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Biking in Yangshuo

The best way to get around in Guilin for those who are more energetic is by bike. Bicycles can be rented by the day at hotels throughout Guilin and at many cafes and hostels in Yangshuo for a maximum of RMB15-20 in Guilin (a deposit of around RMB200 could be required) and RMB10 in Yangshuo. Perhaps the best biking experience in China , biking in Yangshuo gives an unforgettable experience. Best Mountain bikes in China with different gears and low rental; Different routes to suit your level of fitness and interests. It is possible to travel on sealed roads or on tough and slippery rice field trials; See hills, rivers, rice paddies and village life that you will remember for life.

Routes to Moon Hill
Duration: Times vary according to route taken
Head towards the main road from the hotel and cross the Gongnong Bridge. Visit the Big Banyan Tree on the left side before heading on to Moon Hill. Leave your bikes at the bottom of Moon Hill and climb to the top. Without visiting the Banyan Tree this will take about 30 min to Moon Hill and another 60 min to climb to the top and down again.

Another option is to head towards the main road from the hotel but this time takes a right approximately 700 meters from YSMR. This path will lead you down to a large weir where you can cross the river. From here a small path but will take you through Fen Lou Village to the Jin Bao River. Cross the river and take the concrete road turning right when it meets the main road and bike 5 min to Moon Hill. This takes again about 40 minutes and is a very scenic taking you through two villages.

Dragon Bridge
Duration: whole day
Follow the Yu Long River until Chao Lang village. From there make your way through small villages, bumpy roads and fields leading you to the 400 year old Yu Long Bridge. Although the bridge is not particularly spectacular the scenery is magnificent and there are plenty of spots to go swimming on the way. About half way to the bridge you can stop at the catch-your-own fish farm have a break and enjoy your catch of the day whilst admiring the beautiful scenery.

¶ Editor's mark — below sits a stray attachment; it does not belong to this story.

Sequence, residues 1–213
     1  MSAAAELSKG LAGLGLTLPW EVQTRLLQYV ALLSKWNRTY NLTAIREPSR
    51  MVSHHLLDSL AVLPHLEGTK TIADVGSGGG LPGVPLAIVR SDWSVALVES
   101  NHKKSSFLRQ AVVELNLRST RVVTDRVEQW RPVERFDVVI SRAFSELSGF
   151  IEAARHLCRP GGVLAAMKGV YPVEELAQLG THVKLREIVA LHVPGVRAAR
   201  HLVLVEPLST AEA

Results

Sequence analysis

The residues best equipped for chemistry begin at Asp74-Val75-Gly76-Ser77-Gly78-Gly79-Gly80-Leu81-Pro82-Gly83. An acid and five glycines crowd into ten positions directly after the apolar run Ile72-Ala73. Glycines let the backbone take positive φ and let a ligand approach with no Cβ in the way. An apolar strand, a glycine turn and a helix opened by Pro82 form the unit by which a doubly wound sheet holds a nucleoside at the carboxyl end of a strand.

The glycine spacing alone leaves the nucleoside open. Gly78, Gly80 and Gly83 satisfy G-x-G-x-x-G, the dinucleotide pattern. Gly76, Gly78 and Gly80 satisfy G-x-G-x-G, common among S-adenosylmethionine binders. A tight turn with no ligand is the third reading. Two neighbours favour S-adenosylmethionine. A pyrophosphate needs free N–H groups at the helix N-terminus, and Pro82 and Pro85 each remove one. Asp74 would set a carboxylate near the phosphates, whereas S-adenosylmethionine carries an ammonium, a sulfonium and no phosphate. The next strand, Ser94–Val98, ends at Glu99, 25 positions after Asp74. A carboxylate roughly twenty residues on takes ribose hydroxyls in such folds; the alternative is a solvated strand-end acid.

From the Yu Long Bridge there are many ways back so we have listed four of them. The first option takes you from the from the bridge to a little town nearby called Baisha. From there it is about 10 km back to Yangshuo town and another 7 km to the Yangshuo Mountain Retreat (all on main roads).

The second option is to cross the Yu Long Bridge and take the dirt track heading down the river to Tongmen Hill where you can cross the river on a weir back to YSMR. This option has fantastic scenery but might take longer as the paths narrow towards the end and you may have to push the bike.

To Yangshuo Town
Duration: 1 hour
Follow the path to the main road from the Yangshuo Mountain Retreat. Cross the Gongnong Bridge and take the second path to the left. After approximately 600 meters there is a path branching off to the right, this is the way to Jianshan Temple, a renovated Buddhist temple spread across many levels. After the temple head back to the path you came from and follow it along the Yu Long River heading downstream until you reach the first main road. Cross this road and follow the path until you cross a second bridge and come to another main road. This road will lead you to Yangshuo town.

Liugong Village
Duration: whole day
From YSMR head to the main road crossing the Gongnong bridge and taking the second left. Head on this path to the main road at Aishan and follow this south in the direction of Yongcun. The road to Liugong is half way between Aishan and Yongcun on the left hand side and about 20km from the Mountain Retreat. Folow this road to the end where you'll enter the sleepy riverside village of Liugong. Here you can have lunch and walk around the ancient cobbled streets of this 800 year old village. Near the village are also the famous three-color ponds. The level of water in the ponds always remains equal throughout the year regardless of the water level of the Li River. As the name suggests the ponds have three different colors giving rise to many a local folk story about their supernatural existence.